Subjective economic well-being in Eastern Europe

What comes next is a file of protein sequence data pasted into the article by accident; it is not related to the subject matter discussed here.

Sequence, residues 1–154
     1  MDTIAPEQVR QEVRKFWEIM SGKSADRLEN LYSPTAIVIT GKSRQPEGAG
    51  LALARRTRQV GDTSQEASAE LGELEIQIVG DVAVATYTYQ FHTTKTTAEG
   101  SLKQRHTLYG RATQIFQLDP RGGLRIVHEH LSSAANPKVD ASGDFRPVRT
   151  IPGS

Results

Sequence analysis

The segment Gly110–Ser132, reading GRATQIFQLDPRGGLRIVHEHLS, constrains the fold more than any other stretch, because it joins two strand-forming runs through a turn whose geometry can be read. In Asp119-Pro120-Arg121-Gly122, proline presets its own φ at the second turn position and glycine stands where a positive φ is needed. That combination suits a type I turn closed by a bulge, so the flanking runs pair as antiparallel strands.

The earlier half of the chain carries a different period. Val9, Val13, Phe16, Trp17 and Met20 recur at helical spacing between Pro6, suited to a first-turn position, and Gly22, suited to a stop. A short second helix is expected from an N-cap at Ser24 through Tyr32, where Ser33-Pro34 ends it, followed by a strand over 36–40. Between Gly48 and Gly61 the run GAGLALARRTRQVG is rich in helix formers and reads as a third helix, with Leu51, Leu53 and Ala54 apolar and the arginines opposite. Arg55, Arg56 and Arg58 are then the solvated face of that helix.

This paper analyses subjective economic well-being in several Eastern European countries from 1991 to 1995. Economic well-being explains a significant part of the variation in overall life satisfaction of Eastern Europeans. In an ordered logit model, the determinants of subjective economic well-being are analysed. Some results are very similar to typical findings in happiness regressions, such as a negative but u-shaped age effect, positive influences of education and relative income position, as well as a negative effect of unemployment. Differing results were found with regard to gender and marital status. Finally, comparing indicators of objective and subjective well-being on a macro level indicates that using a standard macro variable for crosscountry comparisons in well-being, such as real GDP per capita, may provide misleading results during the early stages of transformation.
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